Why Jets Suck
First off, I love jet boats but compared to prop boats, they suck. I grew up around jet boats, my dad and grandfather loved them. My grandfather had a 1976 Baja B19 with a Berkley jet and a 454 chevy since new. We still have the boat, although my grandpa passed away several years ago. My dad has owned several jet boats and has rebuilt quite a few jet drives. The problem is, they are inefficient, noisy and need thrust to steer; which can be dangerous.
What do you mean jets are slow, my uncle has a jet boat that goes 100 mph? Well, a jet is just a pump. Water is sucked in through the intake and pumped through by an impeller. It is not efficient as the power loss to sustain water pressure is very high. The good news is you can attach an insane amount of power to a pump and there are no gears to worry about, making them low maintenance and often bulletproof systems. The bearings will wear over time and the impeller can also be damaged beyond wear and tear as you are bound to suck all sorts of things through the pump. At slow speed, the pump can suck water from quite deep where you get weeds, sand and discarded patio furniture stuck in your pump, possibly nicking your impeller.
What are they good for? Simplicity, acceleration and rooster tails. They can also be safer than prop boats but that is only if you get run over by one. If you get hit by a prop gearcase at any speed, you are going to be hurt, killed or worse. Whereas a jet boat could theoretically run you over unscathed, you could still be killed by the impact. I would gladly take getting run over by a jet than by a prop but neither would be my real preference. The pump is inefficient but it is excellent at accelerating because when you hammer the throttle, it is full thrust almost right away. Any conventional prop boat has to wind up, relying on the prop to slip and eventually catch up. PWCs can accelerate extremely fast, although they are really slow power to weight wise. For the record, I hate PWCs. I hate them so much I may do an article on just how much I hate them or not write an article because of the emotional strain it would cause writing about them.
Let’s steer it back to jet boats. Steering is another problem with jet boats, PWC’s, jet skis etc. You need thrust to steer and when you cut the throttle or even let off of it, you lose steering completely. The faster you are going, the more pronounced it is. I have witnessed several accidents, mostly PWC’s that collided with others while trying to “spray” them, others returning to the dock to fast and smashing right into shore. The worst was one I witnessed a brother smash into his sister, both on PWCs and it resulted in a compound fracture of her leg. Jets can be incredibly agile in the hands of a good driver, you just need to watch jet sprint boats on a track to see how agile they can be but in the hands of a novice, they can be dangerous.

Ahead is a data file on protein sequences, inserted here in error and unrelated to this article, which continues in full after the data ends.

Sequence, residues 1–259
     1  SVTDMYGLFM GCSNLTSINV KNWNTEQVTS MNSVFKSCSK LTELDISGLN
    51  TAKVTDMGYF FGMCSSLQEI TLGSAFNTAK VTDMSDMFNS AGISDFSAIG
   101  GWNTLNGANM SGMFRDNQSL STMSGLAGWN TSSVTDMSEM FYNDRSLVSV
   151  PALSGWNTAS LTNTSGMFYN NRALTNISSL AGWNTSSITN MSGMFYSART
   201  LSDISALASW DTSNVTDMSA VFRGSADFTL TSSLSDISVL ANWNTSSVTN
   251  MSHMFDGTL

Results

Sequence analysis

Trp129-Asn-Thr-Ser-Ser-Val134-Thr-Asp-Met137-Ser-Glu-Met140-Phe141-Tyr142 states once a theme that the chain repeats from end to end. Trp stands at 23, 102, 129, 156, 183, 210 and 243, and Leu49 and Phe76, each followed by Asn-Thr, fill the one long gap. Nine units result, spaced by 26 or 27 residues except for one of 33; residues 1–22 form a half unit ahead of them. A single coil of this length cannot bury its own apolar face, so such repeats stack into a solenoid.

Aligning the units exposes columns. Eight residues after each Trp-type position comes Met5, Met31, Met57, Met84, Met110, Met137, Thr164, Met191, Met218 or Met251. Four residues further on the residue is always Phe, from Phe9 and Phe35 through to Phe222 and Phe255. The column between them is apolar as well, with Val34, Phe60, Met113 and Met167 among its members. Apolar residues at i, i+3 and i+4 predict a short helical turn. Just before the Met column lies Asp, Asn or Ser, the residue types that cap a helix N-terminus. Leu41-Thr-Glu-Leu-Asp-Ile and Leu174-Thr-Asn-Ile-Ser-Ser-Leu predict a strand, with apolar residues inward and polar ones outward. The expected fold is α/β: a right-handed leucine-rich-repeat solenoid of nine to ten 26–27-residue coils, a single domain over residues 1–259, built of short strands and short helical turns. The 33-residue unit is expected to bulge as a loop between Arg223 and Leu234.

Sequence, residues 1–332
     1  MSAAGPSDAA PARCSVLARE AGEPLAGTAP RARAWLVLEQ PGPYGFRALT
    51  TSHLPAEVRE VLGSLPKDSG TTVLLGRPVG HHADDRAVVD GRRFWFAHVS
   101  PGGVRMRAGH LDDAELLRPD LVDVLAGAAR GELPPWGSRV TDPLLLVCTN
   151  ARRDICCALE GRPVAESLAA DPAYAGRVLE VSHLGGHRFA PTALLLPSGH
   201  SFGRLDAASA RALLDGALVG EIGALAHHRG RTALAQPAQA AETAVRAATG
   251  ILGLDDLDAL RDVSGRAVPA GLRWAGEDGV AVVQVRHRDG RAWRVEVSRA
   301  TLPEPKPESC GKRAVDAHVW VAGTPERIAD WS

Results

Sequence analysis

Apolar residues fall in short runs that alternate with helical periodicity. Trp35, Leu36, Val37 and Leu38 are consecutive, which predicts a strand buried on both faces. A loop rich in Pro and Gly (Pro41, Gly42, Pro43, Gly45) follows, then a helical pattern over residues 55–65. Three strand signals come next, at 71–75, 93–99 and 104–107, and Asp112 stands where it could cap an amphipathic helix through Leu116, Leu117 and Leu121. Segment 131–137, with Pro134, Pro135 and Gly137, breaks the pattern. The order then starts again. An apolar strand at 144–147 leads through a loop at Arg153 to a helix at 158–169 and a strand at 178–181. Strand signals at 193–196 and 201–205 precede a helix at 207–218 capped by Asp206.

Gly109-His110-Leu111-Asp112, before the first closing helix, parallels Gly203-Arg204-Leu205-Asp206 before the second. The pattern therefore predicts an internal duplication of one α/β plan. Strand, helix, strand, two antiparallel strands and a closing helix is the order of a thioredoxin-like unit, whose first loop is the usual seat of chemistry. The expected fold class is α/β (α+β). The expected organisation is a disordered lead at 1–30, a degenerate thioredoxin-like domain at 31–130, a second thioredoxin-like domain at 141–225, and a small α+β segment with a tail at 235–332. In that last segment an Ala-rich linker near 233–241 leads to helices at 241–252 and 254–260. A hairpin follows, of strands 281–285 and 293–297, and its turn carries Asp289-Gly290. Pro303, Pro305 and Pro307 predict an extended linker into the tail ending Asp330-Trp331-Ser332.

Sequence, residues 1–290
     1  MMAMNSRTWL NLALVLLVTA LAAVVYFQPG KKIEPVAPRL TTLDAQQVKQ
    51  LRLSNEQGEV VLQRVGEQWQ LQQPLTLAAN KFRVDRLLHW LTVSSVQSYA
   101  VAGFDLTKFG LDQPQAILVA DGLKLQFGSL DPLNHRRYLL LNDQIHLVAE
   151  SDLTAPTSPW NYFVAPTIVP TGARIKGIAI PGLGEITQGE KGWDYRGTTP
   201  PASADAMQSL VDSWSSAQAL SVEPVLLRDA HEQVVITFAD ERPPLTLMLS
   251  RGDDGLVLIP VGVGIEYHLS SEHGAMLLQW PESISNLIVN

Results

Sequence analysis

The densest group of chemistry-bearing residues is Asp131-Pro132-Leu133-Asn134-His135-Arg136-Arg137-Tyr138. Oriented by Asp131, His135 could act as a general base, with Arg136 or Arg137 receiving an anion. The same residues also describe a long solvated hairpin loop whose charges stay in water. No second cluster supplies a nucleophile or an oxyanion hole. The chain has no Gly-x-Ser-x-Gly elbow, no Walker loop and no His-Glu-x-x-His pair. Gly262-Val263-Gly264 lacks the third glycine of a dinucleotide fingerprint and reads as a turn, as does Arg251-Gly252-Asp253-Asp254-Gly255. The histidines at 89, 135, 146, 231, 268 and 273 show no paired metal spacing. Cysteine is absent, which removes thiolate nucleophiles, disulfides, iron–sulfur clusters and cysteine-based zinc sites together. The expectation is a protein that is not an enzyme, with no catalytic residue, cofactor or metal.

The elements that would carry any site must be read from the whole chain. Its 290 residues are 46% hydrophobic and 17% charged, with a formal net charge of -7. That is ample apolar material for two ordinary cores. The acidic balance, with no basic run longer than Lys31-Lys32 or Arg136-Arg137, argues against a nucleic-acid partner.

To me the best use of a jet boat is an aluminum hull for shallow water rivers and lakes. Blasting over shallow rocks or “accidentally” running over stuff is really fun. I do like the low slung California style “old school” jets but they are mostly for show. My brother had a Biesemeyer with a built 454 and a place diverter and it was incredibly fun, especially because I wasn’t paying for the gas.
You rarely see them in the wild but are great options for aluminum fishing or utility boats running rivers and lakes. If you're in a secluded part of the world, you don't have to worry about hitting a rock, being stranded in the middle of nowhere and getting killed by wolves once you get to shore.
Ultra rare Norwester boat, 1 of 15 and the only Jet version. Derived from a Sidewinder, made in Canada. This one has a 460 Ford and a Berkeley jet.